Ted Ligety, 24, burst onto the ski world’s radar in 2006, when he captured Olympic gold in the alpine combined event in Turin, Italy. He proved he was no one-hit wonder by winning the World Cup title in giant slalom last year—success that he can attribute in large part to his power and agility.
“Ted’s explosive output is very high,” says U.S. Ski Team strength and conditioning coordinator Per Lundstam. “He does a lot of heavy eccentric lifting [emphasizing the lowering phase of a lift] that stimulates that.”
Ligety’s quickness and coordination serve him well in the technical disciplines (GS and slalom). But with his eye on a bigger prize—the World Cup overall title—his goal is to work on areas that might be holding him back in the downhill and super G, namely his muscle mass and aerobic endurance (longer distances at slower sustained speeds).
A solid aerobic base (gained through sustained cardio efforts) will aid Ligety in recovery—vital over
a long, intense season of skiing—and allow for even tougher strength, power and anaerobic endurance workouts. His preseason strength sessions are geared toward hypertrophy, a.k.a. bulking up. “I’d like to get bigger for added momentum, especially on flatter sections,” Ligety says. “It will allow me to bend my skis a little more easily—it won’t take as much effort to do the work I need to do.”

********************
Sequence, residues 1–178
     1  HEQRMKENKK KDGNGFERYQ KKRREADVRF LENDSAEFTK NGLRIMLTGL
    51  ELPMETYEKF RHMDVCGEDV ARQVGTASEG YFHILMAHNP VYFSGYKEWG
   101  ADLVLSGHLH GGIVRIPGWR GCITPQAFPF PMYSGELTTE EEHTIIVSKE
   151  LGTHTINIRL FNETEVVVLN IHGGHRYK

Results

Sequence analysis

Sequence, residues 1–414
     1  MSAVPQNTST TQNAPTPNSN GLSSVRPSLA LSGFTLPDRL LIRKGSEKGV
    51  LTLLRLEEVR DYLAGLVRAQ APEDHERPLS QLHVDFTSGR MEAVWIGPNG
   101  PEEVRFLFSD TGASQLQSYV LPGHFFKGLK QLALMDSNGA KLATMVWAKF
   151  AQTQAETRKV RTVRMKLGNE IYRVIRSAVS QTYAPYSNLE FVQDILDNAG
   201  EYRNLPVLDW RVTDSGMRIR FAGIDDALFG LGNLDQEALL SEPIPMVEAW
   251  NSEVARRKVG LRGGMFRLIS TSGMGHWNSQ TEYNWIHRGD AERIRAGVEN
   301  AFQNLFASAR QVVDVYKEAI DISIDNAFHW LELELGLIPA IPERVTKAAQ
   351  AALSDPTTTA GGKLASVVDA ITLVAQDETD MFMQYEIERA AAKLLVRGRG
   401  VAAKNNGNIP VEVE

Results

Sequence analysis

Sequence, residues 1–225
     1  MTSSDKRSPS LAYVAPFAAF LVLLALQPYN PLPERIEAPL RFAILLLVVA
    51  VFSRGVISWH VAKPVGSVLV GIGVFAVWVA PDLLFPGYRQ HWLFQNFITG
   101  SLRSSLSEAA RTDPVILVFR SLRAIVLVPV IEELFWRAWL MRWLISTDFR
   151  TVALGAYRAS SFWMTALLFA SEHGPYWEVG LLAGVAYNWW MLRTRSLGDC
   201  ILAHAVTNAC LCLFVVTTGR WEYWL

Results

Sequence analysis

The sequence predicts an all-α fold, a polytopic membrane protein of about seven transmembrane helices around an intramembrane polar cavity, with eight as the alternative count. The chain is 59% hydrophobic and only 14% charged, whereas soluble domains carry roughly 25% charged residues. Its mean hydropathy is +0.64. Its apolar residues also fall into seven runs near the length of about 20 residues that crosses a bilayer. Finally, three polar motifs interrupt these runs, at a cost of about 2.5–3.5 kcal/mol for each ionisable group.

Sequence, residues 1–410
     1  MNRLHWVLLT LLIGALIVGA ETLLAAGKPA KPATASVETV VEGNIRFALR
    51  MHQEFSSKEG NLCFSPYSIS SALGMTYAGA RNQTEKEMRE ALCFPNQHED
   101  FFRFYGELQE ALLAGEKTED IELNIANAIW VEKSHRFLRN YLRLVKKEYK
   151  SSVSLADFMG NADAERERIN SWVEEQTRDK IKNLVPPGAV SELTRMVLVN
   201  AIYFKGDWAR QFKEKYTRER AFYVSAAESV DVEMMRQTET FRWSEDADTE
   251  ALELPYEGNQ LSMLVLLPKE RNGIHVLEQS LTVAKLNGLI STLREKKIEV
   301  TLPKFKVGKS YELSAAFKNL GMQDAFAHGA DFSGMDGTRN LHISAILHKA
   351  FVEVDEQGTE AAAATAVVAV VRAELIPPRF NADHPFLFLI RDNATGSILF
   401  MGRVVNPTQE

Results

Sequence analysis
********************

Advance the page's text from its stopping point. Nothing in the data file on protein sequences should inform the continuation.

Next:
Improve aerobic endurance. Increase muscle mass. Maintain strength, power, agility and speed. If your aerobic endurance is weak, it’s likely because you—like Ted—aren’t fond of long, slow distance efforts. But eight to 12 weeks of aerobic work will pay off the rest of the year in more effective workouts and quicker recovery.
In the spring, Ligety pedals miles on his road bike to establish a good aerobic foundation. Whether you bike, run or swim, keep to a pace you can manage for 15 to 40 minutes without breathing too hard to carry on a conversation. Do three aerobic workouts per week for two or three months, gradually increasing both time and pace.
To add muscle mass, Ligety works one muscle group at a time; for example, doing several quad exercises before moving on to hamstring drills. He chooses a weight that allows him to complete 10 to 15 repetitions. “That’s best for hypertrophy,” he explains.
To see some of Ted's tried and true exercises, click here .
For Ted Ligety, miles on a road bike are the dues he pays so he can improve his performance in the workouts he really enjoys: anaerobic endurance sessions. In other words, he prefers short, intense efforts to long, slow ones. That’s why you’re likely to find him mountain biking in the off-season, tackling Utah rides such as Mid-Mountain—which traverses the 8,000-foot elevation of Deer Valley, The Canyons and Park City ski areas—and Bob’s Basin freeride trails at Park City. “Mountain biking is my main thing,” he says. “You’re constantly having to push yourself past your threshold.”